Why the Best Mentors Think Like Michelangelo

Thoughtful sculptors use the tools of patient listening and generous affirmation to help draw forth the dream.

Michelangelo approached the craft of sculpting with the conviction that a piece of art already existed within the stone, and his job was only to release it. We think the best mentors approach their art in the same way.

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A skilled mentor should bring a mentee closer to their ideal self.

Social psychology teaches us that in the best romantic relationships partners sculpt one another by bringing each person closer to their ideal self – the person they want to be. A skilled mentor can affirm a mentee’s ideal self in a similar way.

Two distinct components of mentor affirmation come into play.

First comes perceptual affirmation, through which mentors take the time to truly understand their mentees’ real and ideal selves. The second element involves behavioral affirmation, helping mentees to engage in behaviors aligned with their ideal selves.

Cross-gender mentorships

Since men are more likely to hold senior leadership positions than women (a gap we need to close), the male mentor-female mentee pairing is more common than the reverse. But it can be especially challenging for men to mentor women.

One reason is that men sometimes struggle with the sort of active listening required to help a mentee unearth her ideal self.

Can men truly channel Michelangelo and mentor women with the humility and patience required?

The answer is yes but only if men understand how socialized masculinity interferes with good cross-gender mentorships.

First, almost all mentors have an inclination to clone themselves in their mentees, pushing mentees to pursue career trajectories that mirror their own – as far from Michelangelo-like affirmation as one can get. It can be harder for male mentors to overcome this tendency because of the ways in which men are socialized to listen and tend to be more task-oriented.

Men have to work hard at really listening to the women they mentor, focusing on the relationship more than the specific task being discussed.

Reaching dreams

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Male mentors should display gender humility, transparency about the limits of understanding and empathy.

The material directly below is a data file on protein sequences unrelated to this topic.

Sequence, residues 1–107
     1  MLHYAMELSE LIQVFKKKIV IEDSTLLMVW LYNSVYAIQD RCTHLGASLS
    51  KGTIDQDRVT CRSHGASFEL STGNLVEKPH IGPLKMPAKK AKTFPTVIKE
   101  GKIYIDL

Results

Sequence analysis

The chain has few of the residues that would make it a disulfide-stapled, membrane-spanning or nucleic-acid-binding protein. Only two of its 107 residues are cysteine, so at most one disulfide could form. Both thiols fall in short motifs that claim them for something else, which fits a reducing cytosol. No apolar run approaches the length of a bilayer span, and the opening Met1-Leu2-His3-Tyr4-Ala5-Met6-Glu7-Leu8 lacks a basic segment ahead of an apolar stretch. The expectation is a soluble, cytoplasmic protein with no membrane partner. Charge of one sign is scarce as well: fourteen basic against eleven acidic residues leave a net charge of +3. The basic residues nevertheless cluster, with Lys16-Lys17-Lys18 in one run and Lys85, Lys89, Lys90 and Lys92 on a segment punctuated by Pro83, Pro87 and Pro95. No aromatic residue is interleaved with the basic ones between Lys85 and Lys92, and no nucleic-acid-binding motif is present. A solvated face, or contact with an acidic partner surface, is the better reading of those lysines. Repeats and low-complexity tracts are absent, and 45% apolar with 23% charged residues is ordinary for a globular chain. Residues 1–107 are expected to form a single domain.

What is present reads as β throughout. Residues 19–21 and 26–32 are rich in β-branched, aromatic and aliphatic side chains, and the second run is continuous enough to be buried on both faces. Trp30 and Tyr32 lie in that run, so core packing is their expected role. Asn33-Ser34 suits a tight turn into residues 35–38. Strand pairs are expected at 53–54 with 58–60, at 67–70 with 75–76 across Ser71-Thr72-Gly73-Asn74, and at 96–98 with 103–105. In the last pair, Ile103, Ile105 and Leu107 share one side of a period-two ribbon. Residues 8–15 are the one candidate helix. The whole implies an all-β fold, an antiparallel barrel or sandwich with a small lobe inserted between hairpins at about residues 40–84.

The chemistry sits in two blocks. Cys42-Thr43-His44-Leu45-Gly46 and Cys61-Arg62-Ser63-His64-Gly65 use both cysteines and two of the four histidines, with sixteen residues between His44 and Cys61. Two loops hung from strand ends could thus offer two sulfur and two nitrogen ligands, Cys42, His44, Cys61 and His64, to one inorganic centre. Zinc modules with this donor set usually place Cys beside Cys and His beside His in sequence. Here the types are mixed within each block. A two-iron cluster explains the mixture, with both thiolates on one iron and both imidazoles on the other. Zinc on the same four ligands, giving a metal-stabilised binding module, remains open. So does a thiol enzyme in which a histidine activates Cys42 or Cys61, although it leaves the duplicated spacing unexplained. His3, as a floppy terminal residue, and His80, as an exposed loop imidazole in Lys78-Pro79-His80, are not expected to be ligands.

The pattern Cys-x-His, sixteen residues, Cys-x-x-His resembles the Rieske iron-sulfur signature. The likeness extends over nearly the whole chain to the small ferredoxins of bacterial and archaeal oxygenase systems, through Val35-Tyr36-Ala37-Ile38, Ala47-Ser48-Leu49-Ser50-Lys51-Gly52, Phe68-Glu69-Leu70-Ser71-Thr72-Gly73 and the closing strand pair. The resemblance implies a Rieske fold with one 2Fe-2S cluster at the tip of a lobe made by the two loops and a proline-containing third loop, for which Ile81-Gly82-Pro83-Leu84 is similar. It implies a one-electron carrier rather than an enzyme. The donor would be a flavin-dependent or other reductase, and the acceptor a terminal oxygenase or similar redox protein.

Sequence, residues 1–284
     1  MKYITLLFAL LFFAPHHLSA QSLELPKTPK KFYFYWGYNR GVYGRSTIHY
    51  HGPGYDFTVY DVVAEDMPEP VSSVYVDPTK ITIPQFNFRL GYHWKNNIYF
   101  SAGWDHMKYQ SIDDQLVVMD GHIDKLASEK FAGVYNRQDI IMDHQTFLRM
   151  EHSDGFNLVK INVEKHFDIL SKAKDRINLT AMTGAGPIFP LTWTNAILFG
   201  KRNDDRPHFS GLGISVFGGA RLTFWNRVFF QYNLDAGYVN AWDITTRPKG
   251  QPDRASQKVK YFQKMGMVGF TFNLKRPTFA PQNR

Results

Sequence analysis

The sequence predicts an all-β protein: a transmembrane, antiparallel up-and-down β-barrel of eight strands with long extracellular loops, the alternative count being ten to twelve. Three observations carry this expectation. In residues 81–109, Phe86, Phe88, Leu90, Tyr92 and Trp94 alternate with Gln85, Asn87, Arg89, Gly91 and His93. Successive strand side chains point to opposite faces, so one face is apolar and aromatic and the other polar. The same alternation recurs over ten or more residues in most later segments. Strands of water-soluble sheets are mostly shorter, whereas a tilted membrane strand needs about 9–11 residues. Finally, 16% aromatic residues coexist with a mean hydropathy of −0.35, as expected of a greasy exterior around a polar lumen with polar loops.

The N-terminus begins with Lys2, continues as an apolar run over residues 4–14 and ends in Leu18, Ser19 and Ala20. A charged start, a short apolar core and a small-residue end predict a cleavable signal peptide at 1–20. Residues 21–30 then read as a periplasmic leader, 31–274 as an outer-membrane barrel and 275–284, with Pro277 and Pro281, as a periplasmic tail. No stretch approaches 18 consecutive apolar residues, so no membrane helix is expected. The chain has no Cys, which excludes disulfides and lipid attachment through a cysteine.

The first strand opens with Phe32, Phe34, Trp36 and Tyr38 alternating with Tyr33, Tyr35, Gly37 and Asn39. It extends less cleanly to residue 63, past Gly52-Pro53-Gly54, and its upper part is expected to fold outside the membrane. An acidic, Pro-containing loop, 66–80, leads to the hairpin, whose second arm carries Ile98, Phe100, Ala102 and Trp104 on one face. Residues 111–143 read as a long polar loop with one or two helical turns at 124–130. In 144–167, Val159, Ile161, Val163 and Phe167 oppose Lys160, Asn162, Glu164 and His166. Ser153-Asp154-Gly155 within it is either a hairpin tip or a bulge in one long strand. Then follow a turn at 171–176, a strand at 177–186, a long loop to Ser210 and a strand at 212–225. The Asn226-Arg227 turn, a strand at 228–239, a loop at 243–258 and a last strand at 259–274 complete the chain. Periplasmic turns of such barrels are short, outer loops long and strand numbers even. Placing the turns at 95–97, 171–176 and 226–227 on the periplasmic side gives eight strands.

Similarly, male mentors are more likely to jump to fixes and solutions in conversations with a mentee rather than taking the time to listen and appreciate her perspective.

Troublesome gendered assumptions about mentees – for example about their desire to have children and how that will affect their professional lives – can also damage the mentor-mentee relationship.

On the path to affirming a mentee’s ideal vision of self, male mentors should display gender humility, a quality that requires self-awareness and curiosity about women’s unique experiences, transparency about the limits of your understanding and the capacity for expressing empathy for them.

Should a mentee appear to be aiming too low, an engaged mentor will paint a more ambitious and inspiring vision of her potential.

In the end, a great mentor will honor the mentee’s ideal self and career dream. Thoughtful sculptors use the tools of patient listening and generous affirmation to help draw forth the dream.

This article originally appeared on Harvard Business Review and was republished with permission.

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W. Brad Johnson is a professor of psychology in the department of leadership, ethics and law at the United States Naval Academy.

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David G. Smith is a professor of sociology in the department of national security affairs at the United States Naval War College.

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